Don’t shy away from the fundamentals. Every little bit that you learn can and more than likely will be used to improve your skills and make you better.

Hopefully these little tidbits of knowledge will sink in…just like osmosis 🙂

Turning off Passive Voice spell-check in Word 2016

First, non SQL Server/PowerShell post…not sure I like this…

tl;dr : File | Options | Proofing | Settings | Passive Sentences

Words: 470

Reading Time: ~2.5 minutes

Warning: This is barely SQL Server/PowerShell related. It is Microsoft product related if that helps?

In the beginning…

One thing that I am starting to appreciate more and more as time goes by is Documentation.

If you’ve ever worked on a system with no documentation in place then you know of the frustration, heartbreak and rage that this instills when you’re trying to get to know the system, or even trying to troubleshoot something on that sytem.

But even the act of writing documentation can have some benefits, I’d argue that you would be hard-pressed to find something that forces you to learn about a topic more than trying to write clear and concise documentation for someone else.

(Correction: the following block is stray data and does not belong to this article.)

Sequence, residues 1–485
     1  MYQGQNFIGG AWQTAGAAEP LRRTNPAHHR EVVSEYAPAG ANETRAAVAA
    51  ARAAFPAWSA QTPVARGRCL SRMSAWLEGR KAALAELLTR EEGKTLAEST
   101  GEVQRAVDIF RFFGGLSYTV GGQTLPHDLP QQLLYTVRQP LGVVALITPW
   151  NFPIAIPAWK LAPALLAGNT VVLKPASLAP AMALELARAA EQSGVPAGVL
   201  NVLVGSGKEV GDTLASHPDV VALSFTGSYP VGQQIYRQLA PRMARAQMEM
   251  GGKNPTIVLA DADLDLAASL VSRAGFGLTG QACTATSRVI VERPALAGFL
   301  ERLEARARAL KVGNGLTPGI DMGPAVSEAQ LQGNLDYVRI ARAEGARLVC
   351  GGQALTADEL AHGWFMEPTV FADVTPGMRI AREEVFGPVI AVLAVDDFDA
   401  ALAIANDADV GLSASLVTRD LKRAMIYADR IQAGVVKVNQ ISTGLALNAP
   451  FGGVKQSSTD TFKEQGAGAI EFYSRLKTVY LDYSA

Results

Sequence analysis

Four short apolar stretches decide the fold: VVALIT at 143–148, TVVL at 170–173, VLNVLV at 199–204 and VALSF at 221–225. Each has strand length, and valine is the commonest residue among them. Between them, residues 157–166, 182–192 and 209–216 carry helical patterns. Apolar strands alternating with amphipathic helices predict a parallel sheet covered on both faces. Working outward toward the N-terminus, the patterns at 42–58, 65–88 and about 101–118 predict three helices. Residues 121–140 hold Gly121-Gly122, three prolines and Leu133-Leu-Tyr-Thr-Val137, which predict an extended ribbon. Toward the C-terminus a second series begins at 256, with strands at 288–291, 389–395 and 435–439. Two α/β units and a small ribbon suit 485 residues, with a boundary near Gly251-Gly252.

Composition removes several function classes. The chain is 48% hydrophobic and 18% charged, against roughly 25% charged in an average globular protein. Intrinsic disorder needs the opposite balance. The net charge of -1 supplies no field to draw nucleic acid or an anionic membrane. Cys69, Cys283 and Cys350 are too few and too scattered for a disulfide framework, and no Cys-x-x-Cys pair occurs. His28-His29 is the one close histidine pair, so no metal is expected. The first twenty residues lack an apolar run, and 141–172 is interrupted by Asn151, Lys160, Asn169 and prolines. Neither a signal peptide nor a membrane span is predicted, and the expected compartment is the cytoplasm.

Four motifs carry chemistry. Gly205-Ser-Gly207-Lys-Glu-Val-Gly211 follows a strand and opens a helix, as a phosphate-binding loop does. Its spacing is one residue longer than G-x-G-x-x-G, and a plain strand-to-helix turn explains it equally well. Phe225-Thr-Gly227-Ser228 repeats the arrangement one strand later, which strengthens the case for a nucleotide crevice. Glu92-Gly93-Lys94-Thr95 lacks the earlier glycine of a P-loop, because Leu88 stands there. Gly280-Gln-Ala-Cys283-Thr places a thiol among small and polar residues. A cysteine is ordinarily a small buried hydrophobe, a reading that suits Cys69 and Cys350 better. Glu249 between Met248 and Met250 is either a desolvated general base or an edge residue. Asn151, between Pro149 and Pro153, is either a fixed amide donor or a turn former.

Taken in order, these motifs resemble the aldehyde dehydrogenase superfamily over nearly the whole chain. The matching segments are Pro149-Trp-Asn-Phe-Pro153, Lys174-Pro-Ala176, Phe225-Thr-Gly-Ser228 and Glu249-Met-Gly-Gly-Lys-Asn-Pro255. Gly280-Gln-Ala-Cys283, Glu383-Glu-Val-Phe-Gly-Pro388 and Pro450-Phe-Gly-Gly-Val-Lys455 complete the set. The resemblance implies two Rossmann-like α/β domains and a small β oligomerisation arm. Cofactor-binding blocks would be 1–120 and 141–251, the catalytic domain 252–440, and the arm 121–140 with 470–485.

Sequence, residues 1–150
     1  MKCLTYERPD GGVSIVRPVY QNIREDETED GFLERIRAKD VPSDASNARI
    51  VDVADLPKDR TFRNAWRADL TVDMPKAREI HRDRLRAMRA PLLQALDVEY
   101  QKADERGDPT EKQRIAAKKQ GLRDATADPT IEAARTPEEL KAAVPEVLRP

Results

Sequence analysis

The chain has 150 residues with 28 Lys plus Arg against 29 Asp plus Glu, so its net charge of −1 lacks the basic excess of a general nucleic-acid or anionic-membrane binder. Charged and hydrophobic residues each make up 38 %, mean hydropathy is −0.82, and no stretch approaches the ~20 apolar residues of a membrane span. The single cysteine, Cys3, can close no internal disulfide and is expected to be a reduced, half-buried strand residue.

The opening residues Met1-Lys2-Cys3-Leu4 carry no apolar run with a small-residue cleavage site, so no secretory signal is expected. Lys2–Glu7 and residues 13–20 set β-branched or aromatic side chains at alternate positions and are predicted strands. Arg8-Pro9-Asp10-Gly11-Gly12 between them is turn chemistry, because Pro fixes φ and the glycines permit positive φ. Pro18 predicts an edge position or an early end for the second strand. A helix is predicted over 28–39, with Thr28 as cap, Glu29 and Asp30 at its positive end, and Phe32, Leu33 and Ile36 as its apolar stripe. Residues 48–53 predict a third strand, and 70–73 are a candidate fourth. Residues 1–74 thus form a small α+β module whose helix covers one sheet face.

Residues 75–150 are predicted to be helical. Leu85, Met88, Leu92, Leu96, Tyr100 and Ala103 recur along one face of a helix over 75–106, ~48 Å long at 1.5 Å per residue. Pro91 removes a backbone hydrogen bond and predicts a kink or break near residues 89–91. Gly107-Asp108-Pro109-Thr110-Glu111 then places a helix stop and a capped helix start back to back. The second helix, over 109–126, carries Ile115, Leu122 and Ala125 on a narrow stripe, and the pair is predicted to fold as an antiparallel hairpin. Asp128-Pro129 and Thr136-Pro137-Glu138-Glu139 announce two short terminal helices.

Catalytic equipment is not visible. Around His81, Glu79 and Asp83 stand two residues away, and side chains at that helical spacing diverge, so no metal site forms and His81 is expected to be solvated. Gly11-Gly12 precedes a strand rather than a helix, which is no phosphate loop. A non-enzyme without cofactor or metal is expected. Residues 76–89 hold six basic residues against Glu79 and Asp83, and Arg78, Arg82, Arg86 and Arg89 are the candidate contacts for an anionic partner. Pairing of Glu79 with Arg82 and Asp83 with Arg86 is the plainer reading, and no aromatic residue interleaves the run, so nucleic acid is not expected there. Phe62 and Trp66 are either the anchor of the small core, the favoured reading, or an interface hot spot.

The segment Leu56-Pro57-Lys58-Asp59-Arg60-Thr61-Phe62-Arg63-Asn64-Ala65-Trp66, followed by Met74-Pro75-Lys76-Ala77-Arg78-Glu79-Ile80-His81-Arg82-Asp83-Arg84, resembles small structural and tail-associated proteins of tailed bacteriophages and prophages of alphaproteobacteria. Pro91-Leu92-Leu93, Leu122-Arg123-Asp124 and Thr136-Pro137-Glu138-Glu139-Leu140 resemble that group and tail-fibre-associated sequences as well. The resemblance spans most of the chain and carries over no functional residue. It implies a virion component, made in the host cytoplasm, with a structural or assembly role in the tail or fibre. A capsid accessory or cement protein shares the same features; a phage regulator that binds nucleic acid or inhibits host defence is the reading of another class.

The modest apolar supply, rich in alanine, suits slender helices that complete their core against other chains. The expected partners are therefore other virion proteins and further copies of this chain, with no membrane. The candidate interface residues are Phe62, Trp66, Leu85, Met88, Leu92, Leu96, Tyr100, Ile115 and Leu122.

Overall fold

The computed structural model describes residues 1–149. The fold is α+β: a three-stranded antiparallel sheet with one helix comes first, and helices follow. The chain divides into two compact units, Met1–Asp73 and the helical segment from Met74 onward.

What’s your problem?…

In a strange side-effect of trying to become more responsible as a DBA, I’ve actually inherited a slight case of obsessiveness about certain things.

Words need to be spelled correctly, uppercase words need to be in uppercase, and with regard to this post…

I DON’T WANT A SPELL-CHECK ERROR FOR USING A PASSIVE VOICE!!!

It’s documentation. Now I can understand that, depending on your work environment,  you can write in a more upbeat and active way. But for documentation, I don’t see anything wrong with this sentence:

Provision one (1) domain account, with no privileges, per service that will be run.

passive-voice-check
More like Passive Aggressive…

I’m fully expecting the paper clip guy to appear any second and start spouting “Looks like you’re writing in the Passive Voice…”

Calm yourself Word…

When this blue squiggly line (it is blue, right? I’m slightly colourblind) started to pop up everywhere on my document, and after checking things three times, I figured enough is enough and went about turning this off.

Here’s how I did it so that you can to!

Now I’m lucky enough that work have MS Word 2016, so if you have an older version YMMV. If you don’t have any version of Word, then your mileage will vary!

  • Go to “File | Options | Proofing” and scroll down to the section marked “When correcting spelling and grammar in Word”.
msword-proofing
I’m probably not going to touch all these…
  • Click the “Settings…” button beside the ” Writing Style:” and “Grammer and Style” dropdown box. This should open up the following window.
msword-settings
Passive Sentences!!! Grr!!!
  • Uncheck the “Passive sentences” checkbox and click “OK”. Click “OK” on the “Proofing” window as well and you should get back to your main Word screen.

And here is where the magic happens. Our blue (purple?) squiggly lines have disappeared!

passive-voice-check-noerror

Wrap it up…